Since the refuge is managed primarily for waterfowl, deer hunts must end by Nov. 14 each year. The latest hunts tend to produce the biggest deer in the harvest, which is not surprising given that they are closer to the true rut.
Applications to hunt the Tennessee NWR are separate from the TWRA quota draw hunts and must be submitted by the Aug. 1 deadline each year.
Applications can be obtained through the main office and are usually available by the end of June each year. You can go by the main office in Paris or write for an application at Tennessee National Wildlife Refuge, 3006 Dinkins Lane, Paris, TN 38242, or download one from the Web site at www.fws.gov/tennesseerefuge/. Unsuccessful applicants receive a preference point giving them more priority for the next season’s computerized drawing.
Taylor said the refuge is currently working with the TWRA to have its refuge permit available through the REAL licensing agents this year. Applicants will have to pay a non-refundable $12.50 permit fee. Before the three firearms quota hunts, there is one refuge quota hunt that allows the use of primitive weapons of the following types: longbows, recurves, and side-hammered muzzleloaders only.
Other than the four quota hunts on four separate weekends usually in September, October and November, there is one non-quota archery-only hunt that’s open during the state archery season through Nov. 14 but closed during all weekend quota hu
nts. Deer taken during the non-quota hunt count toward the statewide bag limit, but those harvested during the refuge quota hunts do not count on statewide bag limits.
To say the deer hunts at Fort Campbell are wide open could be an overstatement, but they are surprisingly close. The deer opportunities open at Fort Campbell each year on the third Saturday in September and continue until Dec. 31, except for Tuesdays and Wednesdays, when the hunts are closed.
For the hunts, the daily bag limit is two deer, with no more than one antlered. Possession and season bag limit are three deer, with no more than one antlered. Antlered deer at Fort Campbell are defined as having at least 3 inches of antler above the hairline on either side. Legal hunting equipment includes bows, muzzleloaders and shotguns on designated areas. Antlerless deer harvested in certain areas do not count toward the Fort Campbell season bag limit. And deer harvested at the installation do not count against Tennessee or Kentucky season bag limits.
Andrew Leonard, Fort Campbell’s wildlife biologist, said the central part of the reservation features hardwoods and pines, while in other areas hunters will find tall prairie grasses. The western portion of the area has highland rim structure along the lines of ridge and valley. All in all, Fort Campbell encompasses 105,000 acres; some 65,000 of those are huntable.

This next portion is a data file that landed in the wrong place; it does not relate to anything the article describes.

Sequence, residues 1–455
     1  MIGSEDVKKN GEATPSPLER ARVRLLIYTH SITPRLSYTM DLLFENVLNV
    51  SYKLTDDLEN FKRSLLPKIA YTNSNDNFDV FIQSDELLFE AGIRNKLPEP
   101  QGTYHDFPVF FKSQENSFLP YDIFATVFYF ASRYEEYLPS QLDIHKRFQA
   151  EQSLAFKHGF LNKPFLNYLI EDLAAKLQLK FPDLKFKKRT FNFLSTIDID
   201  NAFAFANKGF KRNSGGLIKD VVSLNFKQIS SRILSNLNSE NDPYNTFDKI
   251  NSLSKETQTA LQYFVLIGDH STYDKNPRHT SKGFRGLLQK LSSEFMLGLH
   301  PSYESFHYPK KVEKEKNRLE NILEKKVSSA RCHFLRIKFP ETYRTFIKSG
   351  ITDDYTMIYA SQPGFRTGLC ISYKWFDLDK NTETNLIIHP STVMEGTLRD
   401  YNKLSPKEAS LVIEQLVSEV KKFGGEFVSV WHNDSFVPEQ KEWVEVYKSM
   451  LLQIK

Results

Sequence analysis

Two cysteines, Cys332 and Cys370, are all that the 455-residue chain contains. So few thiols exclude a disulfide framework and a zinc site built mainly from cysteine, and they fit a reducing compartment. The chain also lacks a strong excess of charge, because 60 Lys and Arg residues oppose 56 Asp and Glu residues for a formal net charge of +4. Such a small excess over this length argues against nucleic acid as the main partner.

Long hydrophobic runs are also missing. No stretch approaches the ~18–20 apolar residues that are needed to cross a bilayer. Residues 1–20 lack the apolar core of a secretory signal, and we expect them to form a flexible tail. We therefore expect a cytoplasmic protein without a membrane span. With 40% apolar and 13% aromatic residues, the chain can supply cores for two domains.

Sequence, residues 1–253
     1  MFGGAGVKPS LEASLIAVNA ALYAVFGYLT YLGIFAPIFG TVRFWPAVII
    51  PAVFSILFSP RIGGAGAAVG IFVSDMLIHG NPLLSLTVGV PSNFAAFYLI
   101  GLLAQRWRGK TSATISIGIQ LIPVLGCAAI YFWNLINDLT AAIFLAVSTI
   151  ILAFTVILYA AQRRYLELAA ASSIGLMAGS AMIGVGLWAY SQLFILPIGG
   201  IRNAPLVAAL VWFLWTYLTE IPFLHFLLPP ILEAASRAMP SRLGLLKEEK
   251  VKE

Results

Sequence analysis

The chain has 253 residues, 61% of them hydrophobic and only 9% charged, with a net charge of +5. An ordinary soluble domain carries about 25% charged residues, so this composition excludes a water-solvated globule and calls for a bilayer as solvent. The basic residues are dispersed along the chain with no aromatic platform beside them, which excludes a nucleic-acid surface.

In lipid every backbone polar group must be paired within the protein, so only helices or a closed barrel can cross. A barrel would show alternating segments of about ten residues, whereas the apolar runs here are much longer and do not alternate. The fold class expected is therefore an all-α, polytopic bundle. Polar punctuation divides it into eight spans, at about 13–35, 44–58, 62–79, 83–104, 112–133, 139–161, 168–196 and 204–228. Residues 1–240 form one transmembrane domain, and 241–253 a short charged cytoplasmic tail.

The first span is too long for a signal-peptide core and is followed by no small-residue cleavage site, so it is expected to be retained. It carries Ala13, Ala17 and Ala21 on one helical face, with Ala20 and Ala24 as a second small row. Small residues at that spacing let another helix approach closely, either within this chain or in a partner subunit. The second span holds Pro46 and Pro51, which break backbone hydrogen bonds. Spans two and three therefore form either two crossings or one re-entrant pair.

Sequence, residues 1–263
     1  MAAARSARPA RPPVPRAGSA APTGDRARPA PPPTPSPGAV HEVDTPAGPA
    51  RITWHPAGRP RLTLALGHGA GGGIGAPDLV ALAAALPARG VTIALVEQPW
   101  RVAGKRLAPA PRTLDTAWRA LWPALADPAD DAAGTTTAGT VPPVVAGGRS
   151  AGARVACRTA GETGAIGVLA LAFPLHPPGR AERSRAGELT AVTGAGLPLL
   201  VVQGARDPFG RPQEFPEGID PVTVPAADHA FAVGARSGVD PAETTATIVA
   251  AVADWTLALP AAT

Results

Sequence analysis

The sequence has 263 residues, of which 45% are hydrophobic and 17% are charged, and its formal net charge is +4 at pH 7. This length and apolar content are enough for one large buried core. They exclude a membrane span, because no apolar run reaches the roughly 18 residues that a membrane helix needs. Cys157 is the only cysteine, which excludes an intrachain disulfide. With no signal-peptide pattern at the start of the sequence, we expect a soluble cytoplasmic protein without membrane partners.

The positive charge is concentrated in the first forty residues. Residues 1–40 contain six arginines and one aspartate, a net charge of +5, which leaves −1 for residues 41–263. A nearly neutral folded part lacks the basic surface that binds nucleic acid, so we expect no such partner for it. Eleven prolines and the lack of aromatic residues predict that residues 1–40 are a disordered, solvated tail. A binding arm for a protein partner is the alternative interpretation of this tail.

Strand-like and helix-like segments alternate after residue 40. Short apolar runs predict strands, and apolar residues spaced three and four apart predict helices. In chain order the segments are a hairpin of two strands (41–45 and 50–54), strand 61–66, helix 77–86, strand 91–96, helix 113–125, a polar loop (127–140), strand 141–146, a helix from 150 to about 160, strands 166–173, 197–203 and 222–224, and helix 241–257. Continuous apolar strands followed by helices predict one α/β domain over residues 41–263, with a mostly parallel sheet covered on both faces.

Leonard said the deer population at Fort Campbell is not as high as it has been in the past, but the population levels now are apt to promote a healthier heard. There are currently approximately 30 deer per square mile, which is in the target range Leonard is shooting for. Managers have actually increased the doe harvest to bring numbers down in recent seasons to grow a healthier herd.
Fort Campbell deer benefit from the Agricultural Lease Program. This program allows farmers to sharecrop in return for leaving a portion of the harvest. Leonard said deer have access to a rotation of soybean and corn crops. The herd’s nutritional options are also supplemented with food plots throughout the reservation.
Teresa Lee, the assistant manager of Outdoor Recreation, said that in her 12 seasons at Fort Campbell, the biggest bucks seem to be taken from the first week of November through the second week of November and tend to be related to the rut. Last season, she said the biggest buck harvested was a 12-pointer that field dressed at 183 pounds. The buck with the most number of points taken in 2005 was a very nice 15-pointer.
Overall, the 2005 harvest figures remained strong at Fort Campbell; 652 deer were tagged to hold the second spot just behind the Tennessee NWR. The harvest also included 134 bucks with 7 and 8 points, an impressive 43 with 9 and 10 points, and nine bucks with 11 or more points.
The deer hunting at Fort Campbell is its own entity as it is separate from the TWRA quota draw hunt system. Actually, the draw hunts at Fort Campbell happen on a daily basis. Let’s just say it’s nearly first come, first served. Starting with last season, hunters can put in for a hunt area two days prior to when they want to hunt. Military personnel get the first opportunities at reserving space by placing a call into the voice-automated system. Civilians must wait until after 10 a.m. to apply via the system or at the Hunting and Fishing Unit.
Recreation areas are assigned telephonically through the Hunting and Fishing Automated Assignment System by calling (270) 798-0401. In order to utilize the computerized area assignment system, you must have a valid Fort Campbell Post Permit and be registered in the automated system. Annual Big Game Hunting Permits at Fort Campbell are $15. Also, proof of successful completion of an approved hunter safety course is mandatory before hunting on Army land.